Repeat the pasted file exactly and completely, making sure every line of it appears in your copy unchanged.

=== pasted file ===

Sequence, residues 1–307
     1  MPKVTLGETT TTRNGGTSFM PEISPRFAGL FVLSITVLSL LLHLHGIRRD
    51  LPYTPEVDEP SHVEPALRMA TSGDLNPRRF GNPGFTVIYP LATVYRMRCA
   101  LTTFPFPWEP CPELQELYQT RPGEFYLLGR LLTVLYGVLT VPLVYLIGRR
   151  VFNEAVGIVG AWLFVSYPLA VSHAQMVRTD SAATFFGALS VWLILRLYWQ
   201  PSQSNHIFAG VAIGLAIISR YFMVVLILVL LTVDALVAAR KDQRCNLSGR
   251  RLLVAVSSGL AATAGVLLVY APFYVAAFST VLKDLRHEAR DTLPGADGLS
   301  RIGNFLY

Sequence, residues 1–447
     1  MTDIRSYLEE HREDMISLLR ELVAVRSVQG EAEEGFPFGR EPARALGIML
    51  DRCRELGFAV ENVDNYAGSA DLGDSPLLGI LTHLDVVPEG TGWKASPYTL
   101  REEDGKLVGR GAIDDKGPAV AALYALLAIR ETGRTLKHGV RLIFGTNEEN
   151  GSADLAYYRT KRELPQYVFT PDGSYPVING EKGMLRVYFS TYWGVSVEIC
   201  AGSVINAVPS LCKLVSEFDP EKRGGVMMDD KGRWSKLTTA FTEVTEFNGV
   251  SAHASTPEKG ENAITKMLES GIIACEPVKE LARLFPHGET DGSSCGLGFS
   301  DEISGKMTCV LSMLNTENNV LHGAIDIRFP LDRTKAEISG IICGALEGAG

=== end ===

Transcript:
Sequence, residues 1–307
     1  MPKVTLGETT TTRNGGTSFM PEISPRFAGL FVLSITVLSL LLHLHGIRRD
    51  LPYTPEVDEP SHVEPALRMA TSGDLNPRRF GNPGFTVIYP LATVYRMRCA
   101  LTTFPFPWEP CPELQELYQT RPGEFYLLGR LLTVLYGVLT VPLVYLIGRR
   151  VFNEAVGIVG AWLFVSYPLA VSHAQMVRTD SAATFFGALS VWLILRLYWQ
   201  PSQSNHIFAG VAIGLAIISR YFMVVLILVL LTVDALVAAR KDQRCNLSGR
   251  RLLVAVSSGL AATAGVLLVY APFYVAAFST VLKDLRHEAR DTLPGADGLS
   301  RIGNFLY

Sequence, residues 1–447
     1  MTDIRSYLEE HREDMISLLR ELVAVRSVQG EAEEGFPFGR EPARALGIML
    51  DRCRELGFAV ENVDNYAGSA DLGDSPLLGI LTHLDVVPEG TGWKASPYTL
   101  REEDGKLVGR GAIDDKGPAV AALYALLAIR ETGRTLKHGV RLIFGTNEEN
   151  GSADLAYYRT KRELPQYVFT PDGSYPVING EKGMLRVYFS TYWGVSVEIC
   201  AGSVINAVPS LCKLVSEFDP EKRGGVMMDD KGRWSKLTTA FTEVTEFNGV
   251  SAHASTPEKG ENAITKMLES GIIACEPVKE LARLFPHGET DGSSCGLGFS
   301  DEISGKMTCV LSMLNTENNV LHGAIDIRFP LDRTKAEISG IICGALEGAG